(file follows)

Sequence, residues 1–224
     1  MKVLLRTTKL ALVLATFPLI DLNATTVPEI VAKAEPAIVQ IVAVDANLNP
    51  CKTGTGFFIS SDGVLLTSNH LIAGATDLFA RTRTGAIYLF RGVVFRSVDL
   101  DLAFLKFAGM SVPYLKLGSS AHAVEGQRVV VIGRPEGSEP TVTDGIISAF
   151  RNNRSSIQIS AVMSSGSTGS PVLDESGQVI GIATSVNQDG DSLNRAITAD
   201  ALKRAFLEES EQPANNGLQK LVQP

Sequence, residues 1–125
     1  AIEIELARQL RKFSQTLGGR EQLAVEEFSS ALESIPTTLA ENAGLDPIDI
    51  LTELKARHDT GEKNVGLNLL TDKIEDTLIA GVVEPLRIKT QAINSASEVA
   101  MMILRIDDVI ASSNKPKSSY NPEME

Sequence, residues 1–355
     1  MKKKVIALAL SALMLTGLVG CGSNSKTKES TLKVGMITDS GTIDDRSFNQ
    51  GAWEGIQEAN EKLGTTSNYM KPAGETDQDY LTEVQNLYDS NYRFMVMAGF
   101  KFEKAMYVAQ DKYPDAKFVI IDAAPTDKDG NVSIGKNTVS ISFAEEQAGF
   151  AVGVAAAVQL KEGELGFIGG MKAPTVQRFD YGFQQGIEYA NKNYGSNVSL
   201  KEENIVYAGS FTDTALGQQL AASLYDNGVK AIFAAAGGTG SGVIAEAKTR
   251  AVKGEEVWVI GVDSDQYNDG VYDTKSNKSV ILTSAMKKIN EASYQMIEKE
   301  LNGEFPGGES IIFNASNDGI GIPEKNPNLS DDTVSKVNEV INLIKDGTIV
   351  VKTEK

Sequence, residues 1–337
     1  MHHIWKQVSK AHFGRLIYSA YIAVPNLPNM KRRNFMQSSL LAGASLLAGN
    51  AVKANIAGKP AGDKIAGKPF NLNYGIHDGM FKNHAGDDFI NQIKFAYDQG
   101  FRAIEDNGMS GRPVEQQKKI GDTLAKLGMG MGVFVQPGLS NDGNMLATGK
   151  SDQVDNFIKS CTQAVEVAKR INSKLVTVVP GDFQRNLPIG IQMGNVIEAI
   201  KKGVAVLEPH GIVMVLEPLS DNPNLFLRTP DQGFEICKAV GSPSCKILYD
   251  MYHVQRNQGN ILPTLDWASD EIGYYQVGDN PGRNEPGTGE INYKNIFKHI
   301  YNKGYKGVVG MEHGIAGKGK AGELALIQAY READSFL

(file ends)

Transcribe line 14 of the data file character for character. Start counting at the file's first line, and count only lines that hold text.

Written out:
   101  KFEKAMYVAQ DKYPDAKFVI IDAAPTDKDG NVSIGKNTVS ISFAEEQAGF